A. Tort of Negligence: (1) Duty (2) Breach (3) Casual Connection (4) Damages
P has burden of showing that D, more probable than not, breached general duty or in fact caused injury.
If all 4 elements are not shown, jury will not review, instead judge will determine verdict.
1. Duty requiring the defendant to conform to a certain standard of care EE267, LB27/47,
2. Breach of a Standard of Care
Concept of Negligence vs. Tort of Negligence - Courts may apply neg., in a limited sense referring solely to element #2. Although P still possesses burden to establish all four elements of neg., its typically the case that when breach is found = N.
Standard of Reasonable Care ~ “Fault Principle”
Standard of Care remains the same but degree or level of care varies w/the circumstances
‘Know-How’ Special knowledge of particular fact may elevates the level of care
Local not slowing down on a curve he knows is steep. Wld not expect the same level of care to be taken by a non-resident. Living in area w/plentiful water, higher LofC w/re. to water matters.
A. The Reasonable (Prudent) Person Standard (EE118, CT83)
a. Reasonable Person Standard
1. Reasonableness of D’s conduct viewed under an objective standard;
2. RP Standard remains the same unless there are special circumstances
3. Conduct not Intentions - Liable even though intended/thought to behaved carefully
4. Need for expert testimony to establish what the reasonable person knows.
b. Modifications to Reasonably Person Standard
(1) Superior Intelligence/Know-How (Knowledge)
a. If Δ has SI/KH, the standard ratchets upwards - One way click up on the dial
b. We then measure RP person with similar skill or intelligence.
a.i. Δ is a professional racecar driver, he’s held to a higher standard than you or I when driving his sedan to the supermarket.
a.ii. Added Knowledge does not necessarily mean someone needs to be intelligent
a.iii. Can have particular knwldg of a particular fact which elevates level of care
(2) Physical Conditions ~ (Also See under ‘Exceptions’ below)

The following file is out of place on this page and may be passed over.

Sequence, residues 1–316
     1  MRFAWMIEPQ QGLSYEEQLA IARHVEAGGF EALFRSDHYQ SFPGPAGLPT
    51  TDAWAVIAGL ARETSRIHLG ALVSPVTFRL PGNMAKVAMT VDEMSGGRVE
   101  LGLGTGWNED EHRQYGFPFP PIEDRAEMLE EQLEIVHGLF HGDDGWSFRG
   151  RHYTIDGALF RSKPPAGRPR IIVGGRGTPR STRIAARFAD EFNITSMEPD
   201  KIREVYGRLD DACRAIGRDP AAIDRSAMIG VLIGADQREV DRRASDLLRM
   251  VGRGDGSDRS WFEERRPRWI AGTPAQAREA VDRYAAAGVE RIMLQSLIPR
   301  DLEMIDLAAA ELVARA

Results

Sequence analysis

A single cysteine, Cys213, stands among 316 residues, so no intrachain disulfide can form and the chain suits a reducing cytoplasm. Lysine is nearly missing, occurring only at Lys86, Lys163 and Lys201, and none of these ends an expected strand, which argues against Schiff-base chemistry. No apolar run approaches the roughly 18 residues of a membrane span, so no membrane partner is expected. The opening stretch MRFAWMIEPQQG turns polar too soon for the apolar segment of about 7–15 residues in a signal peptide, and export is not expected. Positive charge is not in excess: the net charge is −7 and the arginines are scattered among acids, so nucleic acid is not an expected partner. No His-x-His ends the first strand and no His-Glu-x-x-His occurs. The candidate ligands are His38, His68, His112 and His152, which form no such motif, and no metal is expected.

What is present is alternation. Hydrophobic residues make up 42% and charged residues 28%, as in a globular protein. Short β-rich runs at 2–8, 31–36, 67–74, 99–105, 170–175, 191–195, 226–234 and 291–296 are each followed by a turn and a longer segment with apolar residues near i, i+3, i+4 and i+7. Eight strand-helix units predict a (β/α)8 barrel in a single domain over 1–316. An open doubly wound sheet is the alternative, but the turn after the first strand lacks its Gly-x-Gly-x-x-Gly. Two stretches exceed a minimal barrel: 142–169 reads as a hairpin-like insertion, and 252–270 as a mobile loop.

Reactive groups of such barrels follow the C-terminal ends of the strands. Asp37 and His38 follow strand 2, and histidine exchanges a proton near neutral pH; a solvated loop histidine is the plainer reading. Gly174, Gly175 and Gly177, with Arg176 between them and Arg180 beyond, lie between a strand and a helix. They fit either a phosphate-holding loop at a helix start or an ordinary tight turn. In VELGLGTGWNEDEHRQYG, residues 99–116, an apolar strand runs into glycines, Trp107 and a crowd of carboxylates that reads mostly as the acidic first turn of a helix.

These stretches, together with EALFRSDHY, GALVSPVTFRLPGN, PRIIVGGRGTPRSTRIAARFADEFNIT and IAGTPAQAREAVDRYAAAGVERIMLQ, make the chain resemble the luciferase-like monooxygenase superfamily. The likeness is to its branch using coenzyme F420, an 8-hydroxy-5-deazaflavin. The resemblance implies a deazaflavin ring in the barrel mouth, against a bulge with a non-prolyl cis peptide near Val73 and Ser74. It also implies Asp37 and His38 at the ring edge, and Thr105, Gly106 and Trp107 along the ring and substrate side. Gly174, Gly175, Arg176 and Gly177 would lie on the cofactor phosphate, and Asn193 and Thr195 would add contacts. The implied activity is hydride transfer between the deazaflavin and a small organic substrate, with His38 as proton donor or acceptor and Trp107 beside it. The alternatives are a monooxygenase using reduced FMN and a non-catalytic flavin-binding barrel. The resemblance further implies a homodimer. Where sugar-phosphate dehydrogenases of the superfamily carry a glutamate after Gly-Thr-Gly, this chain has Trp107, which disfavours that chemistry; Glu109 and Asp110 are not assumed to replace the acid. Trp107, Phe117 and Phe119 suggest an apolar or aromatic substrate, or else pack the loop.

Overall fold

a. SofC isn’t more lenient but rather, different
a.i. Δ is blind – Apply conduct of Δ to RP standard that’s relative to other blinds
b. D’s behavior/conduct must accord with their physical disability.
a.i. Blind person will not be driving car;
a.ii. Don’t want to preclude physically disabled from participating in particular activity but deter some, fair b/c physically disabled can participate, but lowers compensate
c. Relevance of Physical Condition
a.i. Ex: Δ is unusually tall – Apply such physical condition where/when relevant
a.ii. Whether tall, blind, don’t store kerosene rags in garage during hot summer
c. Applications: (No Exceptions for Mentally Ill, Drunk, Stupid!)
(a.i.a) Customs indicative of absence or presence of reasonable care, but is not dispositive. D may be required to anticipate the negligent conduct of others
(a.i.b) Ignoring Common Custom and usage are possible arguments to establish negligence for jury to determine; a specific duty may be created by custom
(3) Mentally Impaired
(a) Most courts do not make any allowance for the mental illness of D; still judged by the standard of the reasonable person
(b) Rest § 283: mental deficiency/insanity is no defense b/c difficult to draw a line, easy to feign, better that their wealth compensate victim, liability will stimulate proper care.
(c) A sudden mental incapacity equivalent in its effects to physical causes should be treated alike and not under the general rule of insanity.
Heart attack, epileptic seizure. Psychiatric conditions may be considered physical
Expect sufficient life experience to allow…